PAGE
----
- Partition Tolerance – This means that a single node failure does not cause the entire system to collapse. i.e., the system is tolerant to network partition failures.
The Consistency Confusion:
Now then, CAP is a totally different concept from ACID. ACID applies to transactions. CAP applies to wide area systems that are partitioned. Think about Face Book, Google etc.
Also there is a lot of confusion about the “C” – the consistency in ACID and CAP models. Please note that they are both totally different type of consistency even though they have the same name.
Consistency in ACID refers to consistency achieved due to DB constraints where Consistency in CAP refers to consistency across partitions or copies of DB.
The moment you require partition – CAP comes into play but if you don’t have partitions then don’t worry about CAP –just focus on building solid transactional systems!
It is important that we look a little deeper beyond the definition of CAP in this article. Why do you need CAP? Well, let me answer this by asking another question – If you are designing wide area data systems, then what would be your criteria? In a high latency network world, performance is an important factor right? If your data audience is distributed and performance is one of your criteria, then you need to partition your data and in comes CAP theorem. But here is the catch – you can always have only “two of the threes” in C-A-P as part of your design solution. i.e., either CA or CP or AP. Now we need to realize one more important point. In a partitioned wide area data solution, partition failure (and therefore partition tolerance) is not a choice that we have. There are going to be network failures and “P” becomes a default choice. Now we are left with C &A. In other words we are left with two choices: CP or AP. i.e., which one do you need Consistency or Availability? Here you might have a valid question- Can’t I have all three?. Well, realistically that is impossible. That’s why you have to select two. Let me give an example:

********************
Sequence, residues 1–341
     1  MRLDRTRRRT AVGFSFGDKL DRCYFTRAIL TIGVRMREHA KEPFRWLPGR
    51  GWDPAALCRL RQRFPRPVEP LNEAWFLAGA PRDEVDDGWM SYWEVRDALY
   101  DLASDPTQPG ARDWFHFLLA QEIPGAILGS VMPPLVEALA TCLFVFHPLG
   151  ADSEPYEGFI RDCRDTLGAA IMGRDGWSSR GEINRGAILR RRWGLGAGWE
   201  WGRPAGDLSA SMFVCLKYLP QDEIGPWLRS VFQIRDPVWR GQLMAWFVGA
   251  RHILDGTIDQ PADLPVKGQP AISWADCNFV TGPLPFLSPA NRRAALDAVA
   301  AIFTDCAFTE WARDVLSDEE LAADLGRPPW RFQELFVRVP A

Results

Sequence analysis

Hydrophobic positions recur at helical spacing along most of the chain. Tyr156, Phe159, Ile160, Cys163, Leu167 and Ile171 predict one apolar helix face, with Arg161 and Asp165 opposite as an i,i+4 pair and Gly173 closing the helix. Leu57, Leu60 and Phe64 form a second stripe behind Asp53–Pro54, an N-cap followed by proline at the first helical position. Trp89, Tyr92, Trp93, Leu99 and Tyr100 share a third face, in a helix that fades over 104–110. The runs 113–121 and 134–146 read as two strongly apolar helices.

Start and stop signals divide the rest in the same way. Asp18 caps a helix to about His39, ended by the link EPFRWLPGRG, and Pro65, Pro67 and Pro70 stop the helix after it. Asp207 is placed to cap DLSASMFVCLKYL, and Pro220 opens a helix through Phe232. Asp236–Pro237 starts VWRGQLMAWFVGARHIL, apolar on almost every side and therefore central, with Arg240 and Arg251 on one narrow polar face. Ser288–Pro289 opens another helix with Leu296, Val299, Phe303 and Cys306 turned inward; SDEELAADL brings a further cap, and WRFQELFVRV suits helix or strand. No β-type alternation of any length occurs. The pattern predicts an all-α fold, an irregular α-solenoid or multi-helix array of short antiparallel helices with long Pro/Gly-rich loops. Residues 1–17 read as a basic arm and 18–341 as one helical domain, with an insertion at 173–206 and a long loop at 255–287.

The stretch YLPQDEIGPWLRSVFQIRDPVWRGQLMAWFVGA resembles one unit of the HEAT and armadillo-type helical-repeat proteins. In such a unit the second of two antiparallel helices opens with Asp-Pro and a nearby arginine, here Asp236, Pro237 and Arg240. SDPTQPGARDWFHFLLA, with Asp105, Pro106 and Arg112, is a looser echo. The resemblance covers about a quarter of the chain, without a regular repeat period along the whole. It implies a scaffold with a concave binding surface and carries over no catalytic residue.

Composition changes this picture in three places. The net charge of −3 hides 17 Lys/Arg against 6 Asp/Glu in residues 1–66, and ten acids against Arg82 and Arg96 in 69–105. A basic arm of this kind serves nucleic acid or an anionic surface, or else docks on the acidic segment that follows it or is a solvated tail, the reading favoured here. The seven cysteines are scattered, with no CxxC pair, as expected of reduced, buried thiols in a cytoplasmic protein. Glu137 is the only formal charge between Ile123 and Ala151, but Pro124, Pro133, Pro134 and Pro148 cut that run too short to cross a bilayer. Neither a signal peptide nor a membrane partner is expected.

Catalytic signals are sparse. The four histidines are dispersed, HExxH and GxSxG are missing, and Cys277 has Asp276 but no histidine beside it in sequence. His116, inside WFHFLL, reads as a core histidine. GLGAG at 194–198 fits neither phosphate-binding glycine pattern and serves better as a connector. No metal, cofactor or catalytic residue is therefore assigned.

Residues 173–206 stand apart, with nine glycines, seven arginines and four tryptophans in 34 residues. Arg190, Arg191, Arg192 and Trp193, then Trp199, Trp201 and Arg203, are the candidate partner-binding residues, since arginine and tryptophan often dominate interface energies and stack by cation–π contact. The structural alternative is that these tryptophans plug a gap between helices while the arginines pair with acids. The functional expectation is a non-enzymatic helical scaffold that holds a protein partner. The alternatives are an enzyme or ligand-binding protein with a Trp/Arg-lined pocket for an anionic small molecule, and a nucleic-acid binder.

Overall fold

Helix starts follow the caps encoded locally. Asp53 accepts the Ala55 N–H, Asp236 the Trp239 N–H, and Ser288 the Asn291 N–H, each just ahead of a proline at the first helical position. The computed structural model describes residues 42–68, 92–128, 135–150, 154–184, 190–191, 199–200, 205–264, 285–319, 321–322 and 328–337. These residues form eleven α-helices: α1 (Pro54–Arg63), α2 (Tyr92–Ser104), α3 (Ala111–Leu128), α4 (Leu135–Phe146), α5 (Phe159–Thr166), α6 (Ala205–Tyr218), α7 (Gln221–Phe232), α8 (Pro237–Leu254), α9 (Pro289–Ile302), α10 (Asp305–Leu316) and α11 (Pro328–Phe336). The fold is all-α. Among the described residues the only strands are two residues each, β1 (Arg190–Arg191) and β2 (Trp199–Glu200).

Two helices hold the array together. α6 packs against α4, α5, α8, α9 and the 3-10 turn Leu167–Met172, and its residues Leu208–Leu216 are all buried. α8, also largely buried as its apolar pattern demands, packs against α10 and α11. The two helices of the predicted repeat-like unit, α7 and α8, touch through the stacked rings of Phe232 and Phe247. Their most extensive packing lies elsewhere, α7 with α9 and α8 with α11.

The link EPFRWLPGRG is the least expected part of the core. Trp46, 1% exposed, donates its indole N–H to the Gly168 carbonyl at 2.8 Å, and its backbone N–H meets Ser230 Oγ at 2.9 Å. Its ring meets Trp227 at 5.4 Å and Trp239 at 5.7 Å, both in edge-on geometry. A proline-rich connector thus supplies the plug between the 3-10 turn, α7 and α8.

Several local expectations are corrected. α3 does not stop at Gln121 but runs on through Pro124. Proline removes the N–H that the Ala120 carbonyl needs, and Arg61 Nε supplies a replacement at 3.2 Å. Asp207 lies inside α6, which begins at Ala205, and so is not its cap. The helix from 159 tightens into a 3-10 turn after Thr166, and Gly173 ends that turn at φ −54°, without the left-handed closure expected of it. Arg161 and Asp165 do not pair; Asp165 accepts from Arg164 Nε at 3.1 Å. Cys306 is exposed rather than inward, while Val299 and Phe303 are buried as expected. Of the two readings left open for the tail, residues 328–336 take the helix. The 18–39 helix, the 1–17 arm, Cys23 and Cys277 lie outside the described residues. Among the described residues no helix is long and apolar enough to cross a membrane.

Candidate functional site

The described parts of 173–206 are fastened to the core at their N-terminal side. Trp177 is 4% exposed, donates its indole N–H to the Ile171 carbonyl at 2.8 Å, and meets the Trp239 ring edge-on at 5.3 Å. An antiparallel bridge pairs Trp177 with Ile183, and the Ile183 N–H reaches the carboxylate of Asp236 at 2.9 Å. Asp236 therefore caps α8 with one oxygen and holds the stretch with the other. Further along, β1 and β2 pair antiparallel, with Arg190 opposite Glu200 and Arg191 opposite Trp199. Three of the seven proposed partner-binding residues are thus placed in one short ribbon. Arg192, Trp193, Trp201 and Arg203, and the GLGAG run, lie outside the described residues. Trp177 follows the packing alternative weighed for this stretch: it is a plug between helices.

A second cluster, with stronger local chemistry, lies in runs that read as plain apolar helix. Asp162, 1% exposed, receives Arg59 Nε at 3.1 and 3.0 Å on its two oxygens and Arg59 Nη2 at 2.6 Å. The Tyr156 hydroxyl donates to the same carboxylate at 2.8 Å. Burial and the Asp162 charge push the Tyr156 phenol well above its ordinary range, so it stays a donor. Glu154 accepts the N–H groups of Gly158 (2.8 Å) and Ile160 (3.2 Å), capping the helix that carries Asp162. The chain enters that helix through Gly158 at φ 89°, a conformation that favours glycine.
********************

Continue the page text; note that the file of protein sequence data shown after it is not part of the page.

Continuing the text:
An user tries to perform an operation and it times out (network failure). How can you handle this situation?
- Should you fetch the data from another partition and risk possible inconsistency in order to achieve Availability?
- Or should you cancel the operation in order to preserve consistency and loose availability?
You can only do either of the above and not both. This is the classic case of why we need to select either C or A. There is no one solution here. For example Yahoo’s massively parallel and distributed database called PNUTS maintains master copy locally based on geographic location of user. This reduces latency and increases availability but risks inconsistency in case this partition fails. (remote copies maintained asynchronously might not have latest data). On the other hand, Facebook strategy is just the opposite- master copy is in one central location and local copies are maintained locally which could result in potentially old local data . However, when users update their pages, the update goes to the master copy directly as do all the user’s reads for a short time, despite higher latency. After 20 seconds, the user’s traffic reverts to the closer copy, which by that time should reflect the update. As a NoSQL architect, it is important to understand the design choices available to you before you architect a data solution and hence understanding of the various theorems becomes very important. One more important point – can we have systems comply with both CAP and ACID? Yes, but instead of looking at them as “CAP” versus “ACID” it is important to look at each of the 7 properties separately and see what is important and what is not and how you can design systems that can meet your important factors.
CAPping it off for the day! Talk to you soon with more on NoSQL.